Rugby Shoulder Injuries

Cameron Hatrick

Many of us will experience shoulder pain at some point in our lives, but for rugby players, a shoulder injury can stop them playing the game they love. Shoulder specialist Cameron Hatrick from Spring Orthopaedics explains more.

The problem with shoulders is that they are vulnerable to damage from heavy impact. The joint consists of a large ball on a shallow, relatively small socket which allows for a great degree of movement but makes it unstable.

The joint is stabilised as far as possible by the capsule and ligaments, which surround the ball and socket, the labrum (a rim of gristle which deepens the socket and to which the capsule and ligaments are attached) and the muscles around the joint (known as the rotator cuff) which work to balance and counteract the forces on the joint.

How do injuries occur?

Overhead sports which involve continuously reaching up with your arms, can damage the shoulder joint through repetitive small injuries resulting in ‘wear and tear’. Shoulder injuries in rugby, however, are usually caused by a violent event, either by a fall on an outstretched arm or a direct blow to the side of the joint such as during a tackle. In fact, about 50% of shoulder injuries occur during a tackle.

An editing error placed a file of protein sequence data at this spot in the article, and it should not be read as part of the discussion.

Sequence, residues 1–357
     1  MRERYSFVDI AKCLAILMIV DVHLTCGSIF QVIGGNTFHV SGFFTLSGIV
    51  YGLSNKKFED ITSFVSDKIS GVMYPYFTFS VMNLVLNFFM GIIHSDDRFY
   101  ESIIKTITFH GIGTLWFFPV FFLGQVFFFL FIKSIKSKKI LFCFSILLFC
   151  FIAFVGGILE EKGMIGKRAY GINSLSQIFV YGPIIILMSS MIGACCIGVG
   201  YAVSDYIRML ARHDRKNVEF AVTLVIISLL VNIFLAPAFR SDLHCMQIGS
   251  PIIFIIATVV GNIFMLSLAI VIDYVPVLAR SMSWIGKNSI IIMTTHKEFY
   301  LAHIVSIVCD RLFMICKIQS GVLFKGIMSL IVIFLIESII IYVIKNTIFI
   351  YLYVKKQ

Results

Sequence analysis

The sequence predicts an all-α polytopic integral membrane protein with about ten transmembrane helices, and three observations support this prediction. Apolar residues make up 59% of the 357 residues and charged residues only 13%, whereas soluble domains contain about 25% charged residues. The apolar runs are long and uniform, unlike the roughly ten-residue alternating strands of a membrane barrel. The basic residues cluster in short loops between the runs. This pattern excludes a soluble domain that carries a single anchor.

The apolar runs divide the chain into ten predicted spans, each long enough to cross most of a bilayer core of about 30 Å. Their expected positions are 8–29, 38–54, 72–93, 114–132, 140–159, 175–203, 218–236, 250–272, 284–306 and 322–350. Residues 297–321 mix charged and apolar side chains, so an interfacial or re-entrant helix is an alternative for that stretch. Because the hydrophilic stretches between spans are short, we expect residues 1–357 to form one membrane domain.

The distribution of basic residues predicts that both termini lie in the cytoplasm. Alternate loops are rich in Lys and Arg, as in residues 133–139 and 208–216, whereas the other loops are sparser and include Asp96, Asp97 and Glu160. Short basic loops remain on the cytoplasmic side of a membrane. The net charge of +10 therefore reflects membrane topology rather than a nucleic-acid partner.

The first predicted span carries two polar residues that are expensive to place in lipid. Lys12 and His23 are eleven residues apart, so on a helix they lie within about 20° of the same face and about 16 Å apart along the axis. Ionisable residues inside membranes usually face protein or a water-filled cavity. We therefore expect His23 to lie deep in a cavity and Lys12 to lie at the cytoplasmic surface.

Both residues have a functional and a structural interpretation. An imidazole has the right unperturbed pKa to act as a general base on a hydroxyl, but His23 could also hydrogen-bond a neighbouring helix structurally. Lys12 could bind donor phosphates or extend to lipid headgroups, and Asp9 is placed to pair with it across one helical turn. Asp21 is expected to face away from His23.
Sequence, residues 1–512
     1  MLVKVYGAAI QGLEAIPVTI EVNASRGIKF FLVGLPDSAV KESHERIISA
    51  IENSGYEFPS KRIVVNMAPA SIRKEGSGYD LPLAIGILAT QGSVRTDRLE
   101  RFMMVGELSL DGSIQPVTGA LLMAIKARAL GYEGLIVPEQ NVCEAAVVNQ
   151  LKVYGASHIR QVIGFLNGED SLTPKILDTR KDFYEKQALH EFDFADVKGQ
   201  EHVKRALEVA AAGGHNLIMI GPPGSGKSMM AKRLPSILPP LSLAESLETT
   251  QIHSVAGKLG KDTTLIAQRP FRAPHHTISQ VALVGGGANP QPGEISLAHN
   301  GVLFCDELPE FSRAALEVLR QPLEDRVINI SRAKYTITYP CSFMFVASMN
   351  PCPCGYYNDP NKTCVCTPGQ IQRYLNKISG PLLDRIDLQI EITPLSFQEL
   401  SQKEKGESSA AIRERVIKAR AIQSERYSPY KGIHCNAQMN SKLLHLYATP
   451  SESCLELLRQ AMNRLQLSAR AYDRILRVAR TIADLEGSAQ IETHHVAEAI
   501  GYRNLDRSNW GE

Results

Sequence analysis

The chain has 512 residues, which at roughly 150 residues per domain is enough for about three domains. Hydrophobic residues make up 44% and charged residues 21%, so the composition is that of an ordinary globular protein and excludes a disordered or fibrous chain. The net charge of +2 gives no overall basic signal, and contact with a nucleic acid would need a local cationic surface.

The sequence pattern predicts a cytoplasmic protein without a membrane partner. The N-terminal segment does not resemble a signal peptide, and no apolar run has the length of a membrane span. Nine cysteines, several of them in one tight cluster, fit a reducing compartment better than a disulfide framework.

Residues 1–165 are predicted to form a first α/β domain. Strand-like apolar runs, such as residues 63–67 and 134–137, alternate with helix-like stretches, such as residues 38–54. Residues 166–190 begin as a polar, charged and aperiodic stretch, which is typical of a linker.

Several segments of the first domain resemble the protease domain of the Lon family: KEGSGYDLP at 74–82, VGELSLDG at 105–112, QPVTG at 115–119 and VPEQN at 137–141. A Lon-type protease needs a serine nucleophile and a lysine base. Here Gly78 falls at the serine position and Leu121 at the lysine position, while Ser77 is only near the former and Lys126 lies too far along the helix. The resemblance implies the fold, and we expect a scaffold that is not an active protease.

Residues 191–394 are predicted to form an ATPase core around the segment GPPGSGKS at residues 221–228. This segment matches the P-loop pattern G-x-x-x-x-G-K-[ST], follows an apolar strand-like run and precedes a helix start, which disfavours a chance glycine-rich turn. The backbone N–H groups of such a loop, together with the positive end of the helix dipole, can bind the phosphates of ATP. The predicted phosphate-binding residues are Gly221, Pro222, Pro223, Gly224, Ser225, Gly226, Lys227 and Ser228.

What treatment is available?

Treatment will vary considerably for different problems so the most important step in treating your shoulder pain is to get the right diagnosis.

If your pain follows a relatively minor injury or comes on gradually, then you should see your GP or a local physiotherapist. For milder injuries, they will give you advice about modifying your activities and show you exercises to address your problem. Occasionally they will give you a steroid injection which can reduce pain caused by inflammation.

For a structural tear of the labrum or the shoulder tendons, surgery is normally required. Keyhole surgery under general anesthetic can be performed unless the injury is severe enough to require open surgery. Occasionally there is some damage to the bone of the joint, requiring a ‘bony’ procedure to augment the repair. This is more common if the joint has completely dislocated a number of times.

What is the recovery?

Following surgery, patients will undergo a programme of physiotherapy to restore stability and strength to the joint. It can take up to six months before they can return to contact sports whilst they regain power and range of motion in their shoulder.

Unfortunately, rugby players will always be at risk of shoulder injuries despite their best efforts. Building the muscle around the joint or even wearing pads combined with good technique is their best bet for avoiding serious damage; or they could always take up golf!